Neutrons are a valuable tool for scientists in many fields, allowing them to probe the structure and dynamics of a range of materials. Today, the main drawback of neutron science is that intense beams of neutrons must be produced in either nuclear reactors or dedicated accelerator facilities – making a laser-based table-top source very attractive.
This scheme has now been put into practice by Markus Roth of the Technische Universität Darmstadt and colleagues at Los Alamos and Sandia National Laboratories. Roth's team directed extremely powerful and well defined pulses from the Los Alamos TRIDENT laser onto a 400-nm-thick plastic target doped with deuterium atoms. This was positioned just 5 mm in front of a secondary target made from beryllium.This has the potential to either replace, or supplement spallation neutron sources. There's still a lot of work to be done, but it looks like this could make having neutron source for material study as easily has having x-ray sources for such a study. Of course, we haven't considered the safety issues here since neutrons are significantly more dangerous to deal with here.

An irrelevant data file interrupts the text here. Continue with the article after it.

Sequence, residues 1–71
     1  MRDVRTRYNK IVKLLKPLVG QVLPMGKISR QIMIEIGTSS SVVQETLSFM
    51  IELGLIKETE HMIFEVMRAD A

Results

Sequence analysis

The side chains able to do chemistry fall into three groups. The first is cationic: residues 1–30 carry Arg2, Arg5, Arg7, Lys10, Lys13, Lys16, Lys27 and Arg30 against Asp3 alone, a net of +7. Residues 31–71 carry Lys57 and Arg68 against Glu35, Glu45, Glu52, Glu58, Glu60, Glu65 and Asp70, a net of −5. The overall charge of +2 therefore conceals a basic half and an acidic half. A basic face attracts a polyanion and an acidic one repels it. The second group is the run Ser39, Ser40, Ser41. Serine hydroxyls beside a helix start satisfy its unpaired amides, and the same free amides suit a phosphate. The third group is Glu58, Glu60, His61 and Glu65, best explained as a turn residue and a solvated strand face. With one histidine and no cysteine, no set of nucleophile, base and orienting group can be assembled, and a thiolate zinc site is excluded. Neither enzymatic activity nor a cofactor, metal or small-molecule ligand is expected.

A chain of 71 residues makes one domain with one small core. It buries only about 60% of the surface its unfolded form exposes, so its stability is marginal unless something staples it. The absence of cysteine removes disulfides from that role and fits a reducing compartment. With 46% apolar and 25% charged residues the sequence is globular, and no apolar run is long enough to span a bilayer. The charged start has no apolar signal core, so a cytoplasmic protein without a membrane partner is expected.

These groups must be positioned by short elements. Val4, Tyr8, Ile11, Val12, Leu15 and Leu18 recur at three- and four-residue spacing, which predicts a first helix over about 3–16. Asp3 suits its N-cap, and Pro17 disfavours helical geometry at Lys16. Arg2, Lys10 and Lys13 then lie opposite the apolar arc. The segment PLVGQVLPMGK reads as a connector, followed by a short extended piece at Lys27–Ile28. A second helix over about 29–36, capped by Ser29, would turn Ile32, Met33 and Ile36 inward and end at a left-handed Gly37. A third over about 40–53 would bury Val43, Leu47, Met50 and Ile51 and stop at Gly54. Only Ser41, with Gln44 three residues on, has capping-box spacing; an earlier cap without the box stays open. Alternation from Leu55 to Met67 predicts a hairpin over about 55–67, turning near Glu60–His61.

Even though the pulses delivered less than a quarter of the energy employed in previous experiments, they produced neutrons that were nearly 10 times as energetic – up to 150 MeV – and also nearly 10 times as numerous. In addition, many of these neutrons were emitted in the forward direction, which the researchers attribute to one specific kind of nuclear reaction, the break-up of deuterons.